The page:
From 1891 to 1911, the city's name was federally recognized as "Pittsburg", though use of the final h was retained during this period by the city government and other local organizations. After a public campaign, the federal decision to drop the h was reversed; the area of the Ohio headwaters was long inhabited by the Shawnee and several other settled groups of Native Americans. The first known European to enter the region was the French explorer/trader Robert de La Salle from Quebec during his 1669 expedition down the Ohio River. European pioneers Dutch, followed in the early 18th century. Michael Bezallion was the first to describe the forks of the Ohio in a 1717 manuscript, that year European fur traders established area posts and settlements. In 1749, French soldiers from Quebec launched an expedition to the forks to unite Canada with French Louisiana via the rivers. During 1753–54, the British hastily built Fort Prince George before a larger French force drove them off; the French built Fort Duquesne based on LaSalle's 1669 claims.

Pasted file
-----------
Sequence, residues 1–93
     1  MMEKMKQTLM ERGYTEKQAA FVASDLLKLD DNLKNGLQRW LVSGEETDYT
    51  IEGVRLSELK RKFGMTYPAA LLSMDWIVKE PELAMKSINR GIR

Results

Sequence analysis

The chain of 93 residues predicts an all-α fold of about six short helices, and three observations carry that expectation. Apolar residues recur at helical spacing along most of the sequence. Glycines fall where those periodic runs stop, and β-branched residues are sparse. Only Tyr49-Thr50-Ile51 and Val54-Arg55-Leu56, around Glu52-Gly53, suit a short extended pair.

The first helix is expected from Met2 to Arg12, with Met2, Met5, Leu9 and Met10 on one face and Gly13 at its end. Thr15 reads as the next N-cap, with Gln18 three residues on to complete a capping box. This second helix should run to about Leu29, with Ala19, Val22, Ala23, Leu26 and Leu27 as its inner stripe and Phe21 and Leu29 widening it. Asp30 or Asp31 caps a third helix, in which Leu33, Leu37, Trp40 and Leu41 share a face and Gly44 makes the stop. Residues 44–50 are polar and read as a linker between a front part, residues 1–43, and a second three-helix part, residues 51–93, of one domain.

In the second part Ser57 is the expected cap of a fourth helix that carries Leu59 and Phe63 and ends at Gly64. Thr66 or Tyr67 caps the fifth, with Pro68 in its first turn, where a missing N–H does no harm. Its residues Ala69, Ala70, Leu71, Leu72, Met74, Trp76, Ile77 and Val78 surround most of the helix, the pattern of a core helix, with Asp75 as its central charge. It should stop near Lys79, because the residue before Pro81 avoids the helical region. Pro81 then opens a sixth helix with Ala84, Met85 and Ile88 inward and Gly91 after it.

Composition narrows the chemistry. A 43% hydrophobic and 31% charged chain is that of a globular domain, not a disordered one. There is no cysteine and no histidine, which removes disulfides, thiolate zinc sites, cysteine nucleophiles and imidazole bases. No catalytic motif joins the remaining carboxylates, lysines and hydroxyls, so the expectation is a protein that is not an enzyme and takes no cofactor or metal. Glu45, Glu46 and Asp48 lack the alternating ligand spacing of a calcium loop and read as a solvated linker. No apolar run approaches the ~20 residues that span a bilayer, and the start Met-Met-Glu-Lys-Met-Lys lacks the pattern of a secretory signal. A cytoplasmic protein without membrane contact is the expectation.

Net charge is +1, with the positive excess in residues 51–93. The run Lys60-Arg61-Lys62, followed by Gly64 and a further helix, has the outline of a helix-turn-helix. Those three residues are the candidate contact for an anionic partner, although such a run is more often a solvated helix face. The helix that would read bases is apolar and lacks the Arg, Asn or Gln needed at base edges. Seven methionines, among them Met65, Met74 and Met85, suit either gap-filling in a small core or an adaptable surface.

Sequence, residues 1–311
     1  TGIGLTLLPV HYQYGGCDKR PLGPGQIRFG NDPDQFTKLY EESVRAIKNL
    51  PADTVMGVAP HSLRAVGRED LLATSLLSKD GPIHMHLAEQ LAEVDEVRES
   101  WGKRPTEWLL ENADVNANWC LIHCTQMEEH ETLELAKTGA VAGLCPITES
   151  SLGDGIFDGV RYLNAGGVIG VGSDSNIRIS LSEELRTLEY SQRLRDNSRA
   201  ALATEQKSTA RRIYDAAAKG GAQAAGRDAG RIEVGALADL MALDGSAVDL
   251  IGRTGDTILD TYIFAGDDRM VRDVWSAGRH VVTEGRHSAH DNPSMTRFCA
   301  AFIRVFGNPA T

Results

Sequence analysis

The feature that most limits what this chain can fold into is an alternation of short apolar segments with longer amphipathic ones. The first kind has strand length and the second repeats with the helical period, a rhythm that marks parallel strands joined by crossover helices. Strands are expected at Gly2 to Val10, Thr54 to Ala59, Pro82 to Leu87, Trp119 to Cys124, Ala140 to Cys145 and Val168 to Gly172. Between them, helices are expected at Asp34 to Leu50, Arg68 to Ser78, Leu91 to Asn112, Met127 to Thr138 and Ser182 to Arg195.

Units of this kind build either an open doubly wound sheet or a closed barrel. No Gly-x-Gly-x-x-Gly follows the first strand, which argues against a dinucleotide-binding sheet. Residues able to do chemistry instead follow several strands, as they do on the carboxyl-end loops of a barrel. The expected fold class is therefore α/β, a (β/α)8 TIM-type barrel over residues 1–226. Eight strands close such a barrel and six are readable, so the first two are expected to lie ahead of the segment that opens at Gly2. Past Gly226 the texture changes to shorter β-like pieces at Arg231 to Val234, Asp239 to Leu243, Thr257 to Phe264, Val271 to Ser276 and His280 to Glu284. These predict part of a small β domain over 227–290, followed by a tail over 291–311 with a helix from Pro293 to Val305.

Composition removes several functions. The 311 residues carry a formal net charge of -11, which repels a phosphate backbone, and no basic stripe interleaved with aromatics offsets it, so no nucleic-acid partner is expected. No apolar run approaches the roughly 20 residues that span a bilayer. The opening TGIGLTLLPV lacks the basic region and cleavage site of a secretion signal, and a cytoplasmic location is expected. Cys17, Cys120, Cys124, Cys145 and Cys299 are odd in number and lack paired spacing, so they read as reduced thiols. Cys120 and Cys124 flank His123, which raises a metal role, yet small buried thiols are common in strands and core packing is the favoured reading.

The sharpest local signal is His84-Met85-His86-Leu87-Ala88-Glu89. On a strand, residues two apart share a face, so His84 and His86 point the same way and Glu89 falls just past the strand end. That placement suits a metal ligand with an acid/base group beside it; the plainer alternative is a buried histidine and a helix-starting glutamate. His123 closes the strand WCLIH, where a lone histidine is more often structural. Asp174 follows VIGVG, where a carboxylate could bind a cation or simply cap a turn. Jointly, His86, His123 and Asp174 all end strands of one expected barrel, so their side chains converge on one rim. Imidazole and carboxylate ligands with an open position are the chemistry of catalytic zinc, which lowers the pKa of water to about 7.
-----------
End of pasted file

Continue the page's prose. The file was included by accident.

The French and Indian War, the North American front of the Seven Years' War, began with the future Pittsburgh as its center. British General Edward Braddock was dispatched with Major George Washington as his aide to take Fort Duquesne; the British and colonial force were defeated at Braddock's Field. General John Forbes took the forks in 1758. Forbes began construction on Fort Pitt, named after William Pitt the Elder while the settlement was named "Pittsborough". During Pontiac's Rebellion, native tribes conducted a siege of Fort Pitt for two months until Colonel Henry Bouquet relieved it after the Battle of Bushy Run. Fort Pitt is notable as the site of an early use of smallpox for biological warfare. Lord Jeffery Amherst ordered blankets contaminated from smallpox victims to be distributed in 1763 to the tribes surrounding the fort; the disease spread into other areas, infected other tribes, killed hundreds of thousands. During this period, the powerful nations of the Iroquois Confederacy, based in New York, had maintained control of much of the Ohio Valley as hunting grounds by right of conquest after defeating other tribes.
By the terms of the 1768 Treaty of